(Good Lord, what happened while I was away?)>>229261
This is a rather alarming change in narrative, that people cannot care for others as themselves, to a quip that the group becomes a harmful entity in it's own right...which does not even contradict the existence of altruism done because someone found it personally rewarding, and they often coexist at the same time.
Then it is merely coincidental that the wishes of the state and the wishes of you yourself coincide; what then, should a magical fascist revolution happen and their wishes and yours are now in opposition? And indeed, the police, as a group of armed humans, ought to count as a dangerous threat in either interpretation you have given us. And moreover, the fact that people can literally tremble in fear before their god and his vengeance should drive you to theocracy, under your model of how humans seem to work such that they require terror in order to even function civilly.
Anecdotal evidence cannot count on a scientific or even statistical level, and I would love to hear about what literature you have read in the course of developing your theories.>>229262
I do not deny that 'true altruism', defined as helping others solely for their sake and not one's own in some sense, is a spook.
The problem there has to do with how altruism can possibly originate, and this is either solved or exacerbated by self-reflection and
(through academic sources) inquiring how it works with others; if I do good for no reason outside of itself, it remains mysterious and unanswered why I subjectively felt like choosing it, if it was out of duty or obligation then it was merely a chore which I did not truly consent to or desire, or if I did not choose it at all then we just have hollow compulsion. In either case, nothing for the other person is truly felt or said to be felt.
However, when I observe the good or bad fortune of those around me, I feel their emotion and sense their experience, they are a conscious mind much like myself and I personally find beauty or horror in their existence, such that it has a weight on my mind directly proportional to the type and intensity of their own experience. In response, and because I prefer a beautiful existence over an ugly one, I choose to help however I can and bring them closer to happiness. In laymen's terms, I have empathy and this allows me to give a damn about others. Is it self-servicing egoism? Correct, but given that my happiness comes from that of others, the point seems to have no edge.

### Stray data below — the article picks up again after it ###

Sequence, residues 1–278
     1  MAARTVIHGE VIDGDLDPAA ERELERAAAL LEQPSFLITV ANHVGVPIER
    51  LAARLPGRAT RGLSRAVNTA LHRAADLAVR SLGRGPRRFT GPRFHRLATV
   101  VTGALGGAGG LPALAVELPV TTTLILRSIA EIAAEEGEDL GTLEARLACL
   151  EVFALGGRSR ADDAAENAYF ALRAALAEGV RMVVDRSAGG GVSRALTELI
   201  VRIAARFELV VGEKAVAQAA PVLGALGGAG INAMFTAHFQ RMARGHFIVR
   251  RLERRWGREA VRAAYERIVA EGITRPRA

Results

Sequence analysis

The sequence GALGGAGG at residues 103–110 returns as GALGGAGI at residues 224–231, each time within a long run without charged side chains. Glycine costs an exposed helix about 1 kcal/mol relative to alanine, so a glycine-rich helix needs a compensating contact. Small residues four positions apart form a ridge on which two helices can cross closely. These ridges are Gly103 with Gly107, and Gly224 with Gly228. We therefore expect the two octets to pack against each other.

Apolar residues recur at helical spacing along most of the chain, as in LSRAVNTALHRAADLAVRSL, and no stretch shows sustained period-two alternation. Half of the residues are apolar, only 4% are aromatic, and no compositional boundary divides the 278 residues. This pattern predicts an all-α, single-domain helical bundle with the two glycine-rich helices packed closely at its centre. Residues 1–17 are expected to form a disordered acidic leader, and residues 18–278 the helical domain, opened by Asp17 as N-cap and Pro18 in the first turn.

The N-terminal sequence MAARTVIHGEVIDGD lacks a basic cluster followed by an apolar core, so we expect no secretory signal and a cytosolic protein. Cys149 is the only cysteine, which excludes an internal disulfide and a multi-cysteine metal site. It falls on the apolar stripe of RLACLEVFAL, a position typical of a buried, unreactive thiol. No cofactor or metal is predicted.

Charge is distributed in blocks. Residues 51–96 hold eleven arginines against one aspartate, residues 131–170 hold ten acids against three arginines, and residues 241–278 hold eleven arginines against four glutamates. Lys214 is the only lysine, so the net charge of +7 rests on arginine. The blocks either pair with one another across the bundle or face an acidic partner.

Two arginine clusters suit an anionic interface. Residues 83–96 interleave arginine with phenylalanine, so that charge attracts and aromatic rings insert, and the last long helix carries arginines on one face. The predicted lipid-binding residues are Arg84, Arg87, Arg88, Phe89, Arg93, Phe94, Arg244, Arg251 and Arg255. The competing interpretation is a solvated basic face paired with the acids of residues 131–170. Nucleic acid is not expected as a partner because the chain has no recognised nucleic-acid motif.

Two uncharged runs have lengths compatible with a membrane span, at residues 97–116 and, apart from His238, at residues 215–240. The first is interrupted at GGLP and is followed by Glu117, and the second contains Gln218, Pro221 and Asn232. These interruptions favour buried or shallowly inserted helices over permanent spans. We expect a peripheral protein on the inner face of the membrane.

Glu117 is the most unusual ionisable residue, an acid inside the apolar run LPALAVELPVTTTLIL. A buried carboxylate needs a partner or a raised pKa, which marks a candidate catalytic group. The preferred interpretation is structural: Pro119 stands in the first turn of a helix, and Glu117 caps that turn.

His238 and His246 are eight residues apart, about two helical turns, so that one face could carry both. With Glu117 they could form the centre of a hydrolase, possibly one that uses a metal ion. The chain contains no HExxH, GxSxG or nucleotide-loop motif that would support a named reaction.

Also, while it is true that when faced with immediate death the human being will generally act in whatever way is seen to ensure survival, it is also true that the human body is a survival machine which will prioritize certain processes and stop them if it can give energy to other processes more directly involved with avoiding bodily harm; the mind will be involuntarily warped by the body, and so we lose the ability to ascribe guilt to anyone acting out of survival instinct in a painful moment. Ditto, we cannot ascribe guilt to crimes that have not been committed, even ones that would definitely be committed given certain circumstances favoring it's commitment.
Otherwise...we should give the title of "stoner" to everybody, because hypothetical exposure to THC would get us all high.
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